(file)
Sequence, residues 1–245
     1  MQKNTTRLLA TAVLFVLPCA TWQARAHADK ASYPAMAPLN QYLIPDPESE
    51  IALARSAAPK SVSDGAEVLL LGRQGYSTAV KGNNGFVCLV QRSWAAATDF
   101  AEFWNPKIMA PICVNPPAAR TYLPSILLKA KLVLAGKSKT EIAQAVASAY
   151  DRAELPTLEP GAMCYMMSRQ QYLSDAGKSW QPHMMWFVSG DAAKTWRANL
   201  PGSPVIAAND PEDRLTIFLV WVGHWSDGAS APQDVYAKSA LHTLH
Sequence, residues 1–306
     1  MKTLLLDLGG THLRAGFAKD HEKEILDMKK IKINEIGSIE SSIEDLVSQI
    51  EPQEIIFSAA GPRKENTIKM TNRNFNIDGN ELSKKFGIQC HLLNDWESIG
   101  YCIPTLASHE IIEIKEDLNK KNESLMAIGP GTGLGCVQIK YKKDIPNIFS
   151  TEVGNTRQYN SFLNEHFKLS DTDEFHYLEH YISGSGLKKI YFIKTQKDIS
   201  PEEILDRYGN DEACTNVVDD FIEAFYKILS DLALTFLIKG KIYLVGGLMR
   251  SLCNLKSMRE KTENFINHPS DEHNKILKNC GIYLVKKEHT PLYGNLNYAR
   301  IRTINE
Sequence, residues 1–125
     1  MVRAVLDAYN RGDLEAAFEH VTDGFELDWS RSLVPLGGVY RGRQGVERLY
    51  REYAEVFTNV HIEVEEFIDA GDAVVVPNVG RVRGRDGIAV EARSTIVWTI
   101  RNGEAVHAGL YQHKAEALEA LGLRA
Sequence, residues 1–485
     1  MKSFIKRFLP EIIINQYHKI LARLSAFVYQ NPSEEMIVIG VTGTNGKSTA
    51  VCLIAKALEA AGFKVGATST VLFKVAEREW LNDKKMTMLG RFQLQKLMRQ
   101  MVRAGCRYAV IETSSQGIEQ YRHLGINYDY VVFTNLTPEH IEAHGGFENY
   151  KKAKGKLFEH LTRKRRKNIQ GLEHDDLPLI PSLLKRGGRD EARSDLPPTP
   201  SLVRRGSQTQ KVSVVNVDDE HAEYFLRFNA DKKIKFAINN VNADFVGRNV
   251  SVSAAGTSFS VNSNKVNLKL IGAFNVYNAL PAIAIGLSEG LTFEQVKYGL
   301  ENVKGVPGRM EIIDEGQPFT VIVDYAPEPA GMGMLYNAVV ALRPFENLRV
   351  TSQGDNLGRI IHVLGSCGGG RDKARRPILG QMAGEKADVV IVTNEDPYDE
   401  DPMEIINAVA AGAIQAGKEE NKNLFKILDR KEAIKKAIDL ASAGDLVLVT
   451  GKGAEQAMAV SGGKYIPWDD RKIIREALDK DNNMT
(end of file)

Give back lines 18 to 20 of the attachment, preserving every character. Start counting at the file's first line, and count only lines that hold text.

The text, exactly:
   101  RNGEAVHAGL YQHKAEALEA LGLRA
Sequence, residues 1–485
     1  MKSFIKRFLP EIIINQYHKI LARLSAFVYQ NPSEEMIVIG VTGTNGKSTA